This next myth comes from the Squarespace designer himself as he lamented to me about his client's wavering faith in Squarespace's ability to meet his SEO objectives:

"After speaking with several SEO consultants and all saying the same thing (i.e., 'move your site to Wordpress for optimal benefit'), the client's confidence in the Squarespace platform has eroded."

Reality #4: SEO is About Your CMS and Your Content

Many of the SEOs you'll talk to will recommend Wordpress because it's a system they're familiar with. Wordpress is the majority player in the CMS marketplace, and so it's only natural that there will be more SEOs in support of it over Squarespace. But that doesn't make one better than the other. 

Ultimately, your success with SEO is based on a combination of factors, including the on-page and architectural tactics governed by your content management system, as well as facets that are independent of your CMS, including your content creation and outreach strategy and your ability to attract social media engagement and links from across the web.

Some of the best SEOs in the world cite Squarespace as a fantastic platform for organic search traffic, including SEO tool company CEO, Rand Fishkin, whose SEOmoz is among the most trusted of all resources in the SEO industry:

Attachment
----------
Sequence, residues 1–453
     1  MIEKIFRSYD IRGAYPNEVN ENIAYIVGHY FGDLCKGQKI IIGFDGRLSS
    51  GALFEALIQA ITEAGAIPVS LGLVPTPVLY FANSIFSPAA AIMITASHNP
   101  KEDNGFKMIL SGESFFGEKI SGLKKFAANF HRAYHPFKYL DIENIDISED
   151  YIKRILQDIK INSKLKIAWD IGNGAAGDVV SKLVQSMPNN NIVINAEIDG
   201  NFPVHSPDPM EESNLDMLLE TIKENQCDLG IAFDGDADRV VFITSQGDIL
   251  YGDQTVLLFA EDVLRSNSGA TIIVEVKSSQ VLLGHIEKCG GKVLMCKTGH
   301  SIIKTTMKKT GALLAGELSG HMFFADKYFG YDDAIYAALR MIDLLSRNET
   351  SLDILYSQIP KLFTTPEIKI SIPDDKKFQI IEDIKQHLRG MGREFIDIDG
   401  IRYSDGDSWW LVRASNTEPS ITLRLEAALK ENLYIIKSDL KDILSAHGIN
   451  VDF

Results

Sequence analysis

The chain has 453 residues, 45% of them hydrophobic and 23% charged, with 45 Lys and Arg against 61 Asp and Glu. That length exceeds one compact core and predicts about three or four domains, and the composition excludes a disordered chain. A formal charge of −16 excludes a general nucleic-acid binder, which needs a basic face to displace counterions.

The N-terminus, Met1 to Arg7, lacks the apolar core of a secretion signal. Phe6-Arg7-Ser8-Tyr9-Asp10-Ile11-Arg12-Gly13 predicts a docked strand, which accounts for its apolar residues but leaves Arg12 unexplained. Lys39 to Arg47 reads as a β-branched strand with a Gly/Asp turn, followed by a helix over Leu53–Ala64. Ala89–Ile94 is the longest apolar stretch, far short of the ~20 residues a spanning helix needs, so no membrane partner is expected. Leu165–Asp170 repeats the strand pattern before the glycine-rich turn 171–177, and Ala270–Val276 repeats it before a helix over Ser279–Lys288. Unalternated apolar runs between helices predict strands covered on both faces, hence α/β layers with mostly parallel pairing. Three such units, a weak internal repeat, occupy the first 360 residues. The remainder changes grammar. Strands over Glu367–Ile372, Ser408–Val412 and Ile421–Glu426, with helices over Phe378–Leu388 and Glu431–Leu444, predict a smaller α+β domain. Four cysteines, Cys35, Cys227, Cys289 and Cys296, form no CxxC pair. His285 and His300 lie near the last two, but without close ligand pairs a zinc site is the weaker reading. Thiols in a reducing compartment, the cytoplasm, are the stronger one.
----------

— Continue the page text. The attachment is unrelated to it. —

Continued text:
SEO industry hero Rand Fishkin endorses Squarespace.

SEO industry hero Rand Fishkin endorses Squarespace.

And if that isn't compelling enough, this website is built on Squarespace, and our organic traffic has been increasingly steadily each and every year I've owned and operated it:

This website has attracted over 100,000 visits through search engine traffic, including over 7,500 just last month alone. 

This website has attracted over 100,000 visits through search engine traffic, including over 7,500 just last month alone. 

What You Should Consider Before Working With SEOs